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The human body needs a variety of different things to thrive. In healthy amounts, the candida species do their part to keep the mouth, digestive tract and genital area healthy. But problems can arise when the growth of the fungus gets out of control. This condition is known as candidiasis.
Abnormal levels in many cases of naturally occurring yeast can be caused by a number of things. One of the most common causes of an overgrowth of Candida albicans is the use of antibiotics. When antibiotics enter the system, they do so to kill certain bacteria – both good ones and those that need to be eliminated. The elimination of good bacteria, especially in the gut, can contribute to an imbalanced microbiome and a lower production of important short chain fatty acids (SCFA). When antibiotics are taken frequently, these imbalances can be a convenient habitat for candida, as usually other bacterial species keep it in check.
Other factors that may be contributing factors in candidiasis include:
- Eating too much sugar or too many refined carbohydrates
- A poor or weakened immune function
- Continuously elevated levels of stress
- The overconsumption of alcohol
The first line of treatment for an overgrowth of candidiasis is antifungal medication in the form of oral pills, creams or ointments, depending on where in the body the infection is. Natural remedies such as supplements can complete the treatment regimen, after consultation with your doctor.
What is the effect of candidiasis?
There are several different locations that can be impacted by the rampant overgrowth of candida. Each location can present with different symptoms depending on where it is occurring and the severity.
Candidiasis has the ability to affect several parts of the body, including:
- Mouth (oral thrush)
- Urinary tract
The most severe type, invasive candidiasis, can lead to serious illness that sometimes even can affect the heart, brain, bones, joints or eyes.
Symptoms of candida overgrowth
In the typical types of infection caused by an overgrowth of Candida albicans, symptoms can range from mild to severe.
For example, in a genital yeast infection, symptoms often tend to be more on the milder side and can include:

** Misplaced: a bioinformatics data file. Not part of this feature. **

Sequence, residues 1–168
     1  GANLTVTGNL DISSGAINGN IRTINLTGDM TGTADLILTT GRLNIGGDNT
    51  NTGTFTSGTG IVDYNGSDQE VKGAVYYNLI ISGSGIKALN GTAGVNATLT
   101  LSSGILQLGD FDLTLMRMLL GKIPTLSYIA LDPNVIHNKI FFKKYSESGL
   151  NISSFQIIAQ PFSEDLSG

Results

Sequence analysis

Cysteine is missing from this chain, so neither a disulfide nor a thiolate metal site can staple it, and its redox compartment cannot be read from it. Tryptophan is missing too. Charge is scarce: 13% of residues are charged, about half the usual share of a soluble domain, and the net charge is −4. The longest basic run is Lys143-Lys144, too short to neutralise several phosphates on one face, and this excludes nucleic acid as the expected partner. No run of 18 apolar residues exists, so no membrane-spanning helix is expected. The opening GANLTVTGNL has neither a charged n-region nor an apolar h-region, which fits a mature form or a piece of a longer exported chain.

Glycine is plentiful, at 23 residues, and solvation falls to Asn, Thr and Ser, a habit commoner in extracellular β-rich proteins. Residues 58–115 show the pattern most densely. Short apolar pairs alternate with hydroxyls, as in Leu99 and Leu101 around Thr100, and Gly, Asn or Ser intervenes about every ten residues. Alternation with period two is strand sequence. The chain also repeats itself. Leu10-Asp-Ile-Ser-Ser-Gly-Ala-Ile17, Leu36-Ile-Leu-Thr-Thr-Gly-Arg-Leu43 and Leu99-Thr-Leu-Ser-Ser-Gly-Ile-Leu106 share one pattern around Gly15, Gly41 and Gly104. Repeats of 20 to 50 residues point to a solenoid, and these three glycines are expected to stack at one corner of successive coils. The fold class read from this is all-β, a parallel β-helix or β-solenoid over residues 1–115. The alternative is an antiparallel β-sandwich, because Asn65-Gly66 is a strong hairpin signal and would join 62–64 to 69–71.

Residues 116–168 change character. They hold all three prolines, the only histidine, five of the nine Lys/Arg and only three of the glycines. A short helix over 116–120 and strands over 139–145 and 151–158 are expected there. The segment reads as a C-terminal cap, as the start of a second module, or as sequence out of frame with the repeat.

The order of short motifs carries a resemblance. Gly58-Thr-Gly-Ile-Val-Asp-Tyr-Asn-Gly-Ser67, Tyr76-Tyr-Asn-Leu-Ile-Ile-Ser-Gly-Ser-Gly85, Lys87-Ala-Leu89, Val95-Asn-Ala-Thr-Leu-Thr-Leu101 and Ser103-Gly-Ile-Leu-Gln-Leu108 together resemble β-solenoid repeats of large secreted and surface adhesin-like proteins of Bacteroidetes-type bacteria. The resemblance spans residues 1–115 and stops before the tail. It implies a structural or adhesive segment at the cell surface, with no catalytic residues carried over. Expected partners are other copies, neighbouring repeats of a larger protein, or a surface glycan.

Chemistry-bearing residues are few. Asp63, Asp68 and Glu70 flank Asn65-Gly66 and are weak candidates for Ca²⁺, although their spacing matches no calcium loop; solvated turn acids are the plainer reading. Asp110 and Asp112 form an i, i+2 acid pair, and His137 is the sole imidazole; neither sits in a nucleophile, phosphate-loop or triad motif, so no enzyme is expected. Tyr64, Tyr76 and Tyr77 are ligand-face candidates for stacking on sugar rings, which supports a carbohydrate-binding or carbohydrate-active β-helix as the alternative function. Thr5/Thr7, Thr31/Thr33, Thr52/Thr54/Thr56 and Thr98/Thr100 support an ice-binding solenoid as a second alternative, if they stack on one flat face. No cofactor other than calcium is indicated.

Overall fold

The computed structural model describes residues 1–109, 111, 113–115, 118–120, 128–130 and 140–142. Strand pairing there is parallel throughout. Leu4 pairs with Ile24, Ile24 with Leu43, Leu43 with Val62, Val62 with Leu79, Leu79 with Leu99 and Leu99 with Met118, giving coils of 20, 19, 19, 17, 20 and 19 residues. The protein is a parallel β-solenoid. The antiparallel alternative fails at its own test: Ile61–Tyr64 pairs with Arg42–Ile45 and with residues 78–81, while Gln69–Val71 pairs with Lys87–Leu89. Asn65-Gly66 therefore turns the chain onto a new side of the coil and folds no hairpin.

- Irritation and itching
- Burning and itching during intercourse or urination
- Redness, soreness and rash
- Inflammation or swelling
Other types of yeast infections include urinary and oral. In the urinary tract, it can present with symptoms such as:
- Pain in the pelvic area
- Burning sensation upon urination
Oral thrush occurs in the mouth and can lead to white sores, lesions and pain in the throat and mouth.
What are the different types of invasive candidiasis?
Invasive candidiasis symptoms are different to those of other types of yeast infections, because it is a more serious condition that often requires more extensive medical intervention. The condition occurs when candida enters other areas of the body.
The infection is most commonly referred to as candidemia, because of its location within the bloodstream. By entering the bloodstream, it can access other parts within the body including vital organs such as the heart, eyes, brain, joints and bones. Serious symptoms can occur following the onset of the illness, and in some cases can require intensive medical care.
What are the symptoms of invasive candidiasis?
When it comes to this more serious form of candida overgrowth, the symptoms can present themselves as other types of ailments, such as the flu or a headache.
The most common symptoms of candidemia include:
- Skin rash
- Muscle aches
- Abdominal pain
What is chronic candidiasis?
Chronic candidiasis symptoms are like those of typical yeast infections in the genitals, urinary tract, mouth or skin, but they differ in frequency and length. When a person continuously has a yeast infection or can’t rid themselves of one, it’s likely due to having a chronic case of candida overgrowth.
The condition could also lead to infections in other areas of the body, including:
- Skin and nails
- Digestive tract
The treatment for chronic candidiasis is the same as other, milder forms of the infection and includes antifungal medications, usually by way of topical application. Some cases do require oral treatment, over the course of a longer period of time than suggested for non-chronic cases. Some patients may require IV treatments.
Having a candida infection does not necessarily lead to serious repercussions, but that is only the case if it does not enter the bloodstream. Symptoms should be monitored in conjunction with the aforementioned symptoms of invasive candida to ensure that treatment is undertaken quickly to avoid any grave consequences.
For many people, infection can be avoided by eating a diet rich in wholefoods, vitamins and minerals; exercising regularly; and avoiding foods that could lead to an overgrowth of candida bacteria. Supplementation is also available; Make Well’s new CDA Plus, for example, can be a useful addition to traditional treatments in the battle against mild forms of candidiasis in the intestinal tract.